Foreign-Born Nursing Students in the United States: A Literature Review

Ann Malecha, Kathryn Tart, De Monica L. Junious

Research output: Contribution to journalReview articlepeer-review

12 Scopus citations


A thorough search of the literature examined what have been reported as stressors for foreign-born nursing students living in the United States. A comprehensive review of foreign-born nursing student literature within the United States educational system was examined, reviewed, and summarized. Minimal research has been dedicated exclusively to identify those unique stressors experienced among the foreign-born student population. A review of 11 articles revealed four common results interdependent of one another experienced among this group of students. Results identified were (a) language and communication issues; (b) discrimination, prejudice, and lack of support; (c) cultural issues; and (d) loneliness, isolation, and alienation. Foreign-born nursing students may continue to experience a multitude of barriers while seeking educational advancements in the United States until serious endeavors are initiated to close the gap and address the concerns previously documented. Although the needs of this diverse population are important, this research has the potential to reveal crucial information regarding stressors specifically common to those studying abroad in the United States. This topic will provide guidance to deans, directors, and educators in identifying and establishing processes to help validate the foreign-born nursing students' experience while they are enrolled in their prospective schools of nursing within the United States.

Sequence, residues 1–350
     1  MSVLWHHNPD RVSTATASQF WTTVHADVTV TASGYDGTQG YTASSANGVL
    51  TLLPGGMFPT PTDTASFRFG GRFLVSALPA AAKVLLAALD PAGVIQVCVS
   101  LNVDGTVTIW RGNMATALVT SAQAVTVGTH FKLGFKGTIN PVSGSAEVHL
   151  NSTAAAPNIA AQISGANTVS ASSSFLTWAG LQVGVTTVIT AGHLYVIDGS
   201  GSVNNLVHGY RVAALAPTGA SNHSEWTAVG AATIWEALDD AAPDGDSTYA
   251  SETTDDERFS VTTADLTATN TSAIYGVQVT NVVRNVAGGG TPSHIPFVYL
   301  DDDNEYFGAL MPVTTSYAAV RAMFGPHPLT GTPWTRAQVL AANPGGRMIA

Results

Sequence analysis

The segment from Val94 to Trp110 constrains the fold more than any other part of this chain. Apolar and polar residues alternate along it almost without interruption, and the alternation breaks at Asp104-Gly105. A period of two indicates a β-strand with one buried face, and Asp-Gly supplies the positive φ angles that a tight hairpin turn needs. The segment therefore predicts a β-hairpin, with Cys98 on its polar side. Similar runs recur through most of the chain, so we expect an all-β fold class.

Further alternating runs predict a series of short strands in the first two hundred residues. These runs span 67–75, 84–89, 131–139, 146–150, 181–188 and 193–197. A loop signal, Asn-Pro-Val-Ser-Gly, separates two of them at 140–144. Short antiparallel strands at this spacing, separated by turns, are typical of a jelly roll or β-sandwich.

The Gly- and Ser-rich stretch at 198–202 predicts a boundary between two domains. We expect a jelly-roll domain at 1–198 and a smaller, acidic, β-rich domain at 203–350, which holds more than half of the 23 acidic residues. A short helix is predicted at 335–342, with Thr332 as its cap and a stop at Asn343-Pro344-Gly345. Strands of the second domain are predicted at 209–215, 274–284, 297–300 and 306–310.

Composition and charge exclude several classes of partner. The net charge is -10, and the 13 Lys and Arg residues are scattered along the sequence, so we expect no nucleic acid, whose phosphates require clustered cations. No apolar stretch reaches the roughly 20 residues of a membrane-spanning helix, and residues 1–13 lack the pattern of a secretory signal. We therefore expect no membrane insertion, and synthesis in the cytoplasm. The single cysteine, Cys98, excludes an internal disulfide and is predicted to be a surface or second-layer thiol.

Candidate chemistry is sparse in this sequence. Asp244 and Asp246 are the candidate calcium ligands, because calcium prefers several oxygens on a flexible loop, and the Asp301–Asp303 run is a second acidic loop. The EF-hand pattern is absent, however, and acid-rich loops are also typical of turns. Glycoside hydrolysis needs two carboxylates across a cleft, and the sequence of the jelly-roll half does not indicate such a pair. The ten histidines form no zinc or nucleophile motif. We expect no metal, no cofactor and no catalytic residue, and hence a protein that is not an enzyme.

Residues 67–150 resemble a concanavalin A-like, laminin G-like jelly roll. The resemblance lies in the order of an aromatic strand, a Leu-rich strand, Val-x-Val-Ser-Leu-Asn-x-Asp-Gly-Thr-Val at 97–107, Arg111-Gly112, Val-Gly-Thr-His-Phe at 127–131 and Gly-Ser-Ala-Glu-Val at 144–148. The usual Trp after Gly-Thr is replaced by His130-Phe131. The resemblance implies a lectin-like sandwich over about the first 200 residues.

Original languageEnglish (US)
Pages (from-to)297-305
Number of pages9
JournalJournal of Professional Nursing
Issue number5
StatePublished - Sep 2012
Externally publishedYes


  • Baccalaureate nursing student
  • Education
  • Foreign born
  • Literature review
  • United States

ASJC Scopus subject areas

  • General Nursing


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